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Facebook updates the requirements of the personalized audience list to create more advertising transparency

Facebook makes changes to the way advertisers manage their personalized audience lists to give users more transparency about why they see advertisements displayed in their news feeds .

Effective July 2, advertisers will have to specify the origin of the audience information when downloading a personalized audience list (the contact lists the advertisers on Facebook to target ads).

"When putting out a client file, advertisers will have to indicate whether the information was collected directly from people, provided by partners, or a combination of both," writes Facebook .

This new requirement will allow users to view more specific information about why an ad is displayed in their news feed. When a user clicks on "Why do I see this?" In the drop-down menu of an ad, he will be able to see the source behind the information from the Personalized Audience list – and if the advertiser has contacted them via his phone number or his email address

Not only advertisers will now be required to specify from where they get information, but any person from the advertiser 's account team who manages the lists' s. Personalized audience on the platform must accept the new Facebook rules.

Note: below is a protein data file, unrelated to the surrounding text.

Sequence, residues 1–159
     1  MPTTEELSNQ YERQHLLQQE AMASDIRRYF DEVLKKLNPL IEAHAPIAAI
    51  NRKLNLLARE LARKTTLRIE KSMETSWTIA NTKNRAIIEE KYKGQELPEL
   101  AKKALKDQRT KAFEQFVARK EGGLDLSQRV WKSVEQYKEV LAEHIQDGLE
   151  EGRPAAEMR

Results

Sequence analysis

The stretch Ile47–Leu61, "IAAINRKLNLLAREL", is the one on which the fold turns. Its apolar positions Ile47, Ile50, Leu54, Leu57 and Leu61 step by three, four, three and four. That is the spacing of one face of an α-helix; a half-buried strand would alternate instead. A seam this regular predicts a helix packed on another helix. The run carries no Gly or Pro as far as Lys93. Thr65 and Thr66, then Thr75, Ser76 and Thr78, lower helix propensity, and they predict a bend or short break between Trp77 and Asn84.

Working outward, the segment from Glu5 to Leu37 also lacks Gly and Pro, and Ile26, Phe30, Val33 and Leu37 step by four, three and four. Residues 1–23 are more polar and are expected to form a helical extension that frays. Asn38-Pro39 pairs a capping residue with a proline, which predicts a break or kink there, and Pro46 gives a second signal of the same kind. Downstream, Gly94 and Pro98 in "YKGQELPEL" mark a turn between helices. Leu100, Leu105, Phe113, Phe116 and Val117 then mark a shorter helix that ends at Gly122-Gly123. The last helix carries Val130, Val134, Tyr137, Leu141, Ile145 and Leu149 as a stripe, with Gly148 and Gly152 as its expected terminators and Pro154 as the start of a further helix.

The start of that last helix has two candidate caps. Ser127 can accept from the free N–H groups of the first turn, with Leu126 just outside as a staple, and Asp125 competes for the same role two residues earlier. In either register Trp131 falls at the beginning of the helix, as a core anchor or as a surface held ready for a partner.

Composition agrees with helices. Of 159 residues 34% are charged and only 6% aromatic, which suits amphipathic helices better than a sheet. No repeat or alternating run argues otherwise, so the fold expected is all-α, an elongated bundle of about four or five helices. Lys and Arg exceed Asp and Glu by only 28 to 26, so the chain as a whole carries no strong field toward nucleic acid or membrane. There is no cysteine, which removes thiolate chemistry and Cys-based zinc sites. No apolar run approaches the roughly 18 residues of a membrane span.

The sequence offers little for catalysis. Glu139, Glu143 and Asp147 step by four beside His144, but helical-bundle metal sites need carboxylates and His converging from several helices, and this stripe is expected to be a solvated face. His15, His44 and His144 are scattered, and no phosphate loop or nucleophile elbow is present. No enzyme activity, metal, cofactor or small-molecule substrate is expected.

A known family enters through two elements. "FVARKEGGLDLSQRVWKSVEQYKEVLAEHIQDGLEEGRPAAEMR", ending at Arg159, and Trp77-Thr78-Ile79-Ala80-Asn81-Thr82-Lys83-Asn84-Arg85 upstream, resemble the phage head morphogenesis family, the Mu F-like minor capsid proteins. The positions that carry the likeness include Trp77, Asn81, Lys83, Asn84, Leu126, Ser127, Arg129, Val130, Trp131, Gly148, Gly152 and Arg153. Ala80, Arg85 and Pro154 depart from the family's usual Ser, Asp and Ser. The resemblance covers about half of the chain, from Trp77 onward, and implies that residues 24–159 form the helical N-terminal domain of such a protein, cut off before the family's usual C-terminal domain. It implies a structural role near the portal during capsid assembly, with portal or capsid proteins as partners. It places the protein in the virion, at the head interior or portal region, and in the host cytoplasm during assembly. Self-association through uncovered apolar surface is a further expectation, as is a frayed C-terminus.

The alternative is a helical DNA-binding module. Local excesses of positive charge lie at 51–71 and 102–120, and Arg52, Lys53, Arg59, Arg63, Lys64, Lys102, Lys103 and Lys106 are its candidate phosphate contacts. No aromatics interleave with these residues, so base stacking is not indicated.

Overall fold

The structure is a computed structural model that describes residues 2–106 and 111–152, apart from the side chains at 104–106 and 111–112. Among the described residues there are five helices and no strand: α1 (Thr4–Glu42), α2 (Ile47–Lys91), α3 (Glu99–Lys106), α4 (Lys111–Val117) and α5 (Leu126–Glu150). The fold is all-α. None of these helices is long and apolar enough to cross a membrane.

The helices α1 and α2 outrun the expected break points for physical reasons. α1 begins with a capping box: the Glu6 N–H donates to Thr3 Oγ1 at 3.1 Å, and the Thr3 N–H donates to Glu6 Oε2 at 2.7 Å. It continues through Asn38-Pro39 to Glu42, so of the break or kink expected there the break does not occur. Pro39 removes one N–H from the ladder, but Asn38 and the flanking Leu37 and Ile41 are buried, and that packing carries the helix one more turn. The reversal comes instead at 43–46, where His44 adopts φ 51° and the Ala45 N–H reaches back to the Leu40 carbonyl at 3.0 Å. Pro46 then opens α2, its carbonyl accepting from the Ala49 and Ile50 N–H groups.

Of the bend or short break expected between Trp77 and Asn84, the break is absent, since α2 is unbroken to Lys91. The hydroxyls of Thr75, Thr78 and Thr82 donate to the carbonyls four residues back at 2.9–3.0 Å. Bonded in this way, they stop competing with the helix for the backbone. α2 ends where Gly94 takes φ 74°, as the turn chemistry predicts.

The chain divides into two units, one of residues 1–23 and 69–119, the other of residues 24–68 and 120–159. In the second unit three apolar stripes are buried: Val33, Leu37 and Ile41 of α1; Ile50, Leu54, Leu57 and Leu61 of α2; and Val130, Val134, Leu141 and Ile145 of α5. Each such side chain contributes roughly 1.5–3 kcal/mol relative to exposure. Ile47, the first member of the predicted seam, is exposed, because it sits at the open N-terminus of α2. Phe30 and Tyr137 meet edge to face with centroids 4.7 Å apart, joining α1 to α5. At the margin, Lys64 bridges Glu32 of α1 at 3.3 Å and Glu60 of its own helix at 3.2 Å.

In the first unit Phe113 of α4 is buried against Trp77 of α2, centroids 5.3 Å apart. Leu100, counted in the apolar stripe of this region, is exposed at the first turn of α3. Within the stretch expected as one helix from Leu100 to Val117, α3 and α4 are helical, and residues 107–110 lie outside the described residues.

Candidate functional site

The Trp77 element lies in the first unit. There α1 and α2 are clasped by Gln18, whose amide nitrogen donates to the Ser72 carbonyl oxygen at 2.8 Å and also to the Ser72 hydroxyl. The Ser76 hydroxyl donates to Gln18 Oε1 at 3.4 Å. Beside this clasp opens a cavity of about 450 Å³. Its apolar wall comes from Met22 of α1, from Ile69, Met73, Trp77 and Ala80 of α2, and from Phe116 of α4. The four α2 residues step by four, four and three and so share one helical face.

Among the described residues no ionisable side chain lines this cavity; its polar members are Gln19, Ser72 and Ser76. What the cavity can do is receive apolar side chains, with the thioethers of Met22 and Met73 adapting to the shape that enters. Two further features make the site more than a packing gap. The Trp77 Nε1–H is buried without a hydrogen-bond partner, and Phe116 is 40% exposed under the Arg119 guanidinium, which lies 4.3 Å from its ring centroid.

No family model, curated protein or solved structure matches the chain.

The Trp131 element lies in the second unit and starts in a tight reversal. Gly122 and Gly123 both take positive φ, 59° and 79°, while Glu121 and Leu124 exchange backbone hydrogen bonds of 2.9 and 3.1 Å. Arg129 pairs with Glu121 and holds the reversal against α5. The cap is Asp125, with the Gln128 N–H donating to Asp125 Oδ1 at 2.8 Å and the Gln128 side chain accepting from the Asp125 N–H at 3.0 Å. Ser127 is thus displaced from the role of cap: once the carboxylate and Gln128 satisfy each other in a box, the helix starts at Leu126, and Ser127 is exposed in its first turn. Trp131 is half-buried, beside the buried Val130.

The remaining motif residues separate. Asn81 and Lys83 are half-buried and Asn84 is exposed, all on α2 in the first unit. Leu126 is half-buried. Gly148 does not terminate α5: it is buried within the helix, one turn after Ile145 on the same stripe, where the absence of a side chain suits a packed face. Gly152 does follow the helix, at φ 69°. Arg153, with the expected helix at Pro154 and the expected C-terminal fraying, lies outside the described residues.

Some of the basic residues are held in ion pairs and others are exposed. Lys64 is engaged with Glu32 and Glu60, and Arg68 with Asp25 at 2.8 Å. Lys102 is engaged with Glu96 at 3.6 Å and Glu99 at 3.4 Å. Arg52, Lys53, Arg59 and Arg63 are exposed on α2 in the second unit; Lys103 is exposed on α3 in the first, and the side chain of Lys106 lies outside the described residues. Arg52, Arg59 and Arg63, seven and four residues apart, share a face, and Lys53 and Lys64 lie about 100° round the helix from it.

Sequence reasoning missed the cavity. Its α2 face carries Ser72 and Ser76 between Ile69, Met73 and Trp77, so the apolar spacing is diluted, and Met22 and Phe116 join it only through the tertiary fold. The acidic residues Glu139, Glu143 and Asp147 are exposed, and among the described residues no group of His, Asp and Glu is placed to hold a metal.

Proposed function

"We will also ask everyone on an ad account that publishes custom Audiences to accept the terms, rather than just requiring that from the account administrator ", explains Facebook.

Starting July 2, parties who share client files to create personalized Audience lists – for example, a Facebook brand that shares their customer list with their ad agency – will need to confirm a sharing relationship. audience via Facebook. Tool Manager, with both parties agreeing to Facebook's custom audience conditions.

Facebook's latest efforts are aimed at improving accountability and transparency in advertising. The company has since promised that Cambridge Analytica had used an application on Facebook to collect and exploit user data. The updates are a result of Facebook's privacy crisis, but they come at a time when EU directives are forcing all advertisers to reconsider their interactions with consumers and how platforms like Facebook can better protect the rights of users.

About the author

Amy Gesenhues is the general reporter for Third Door Media, covering the latest news and updates for land and search engine marketing. From 2009 to 2012, she was an award-winning columnist for a number of dailies in New York, Texas. With over ten years of experience in marketing management, she has contributed to a variety of traditional and online publications, including MarketingProfs.com, SoftwareCEO.com, and Sales and Marketing Management Magazine. Read more articles from Amy.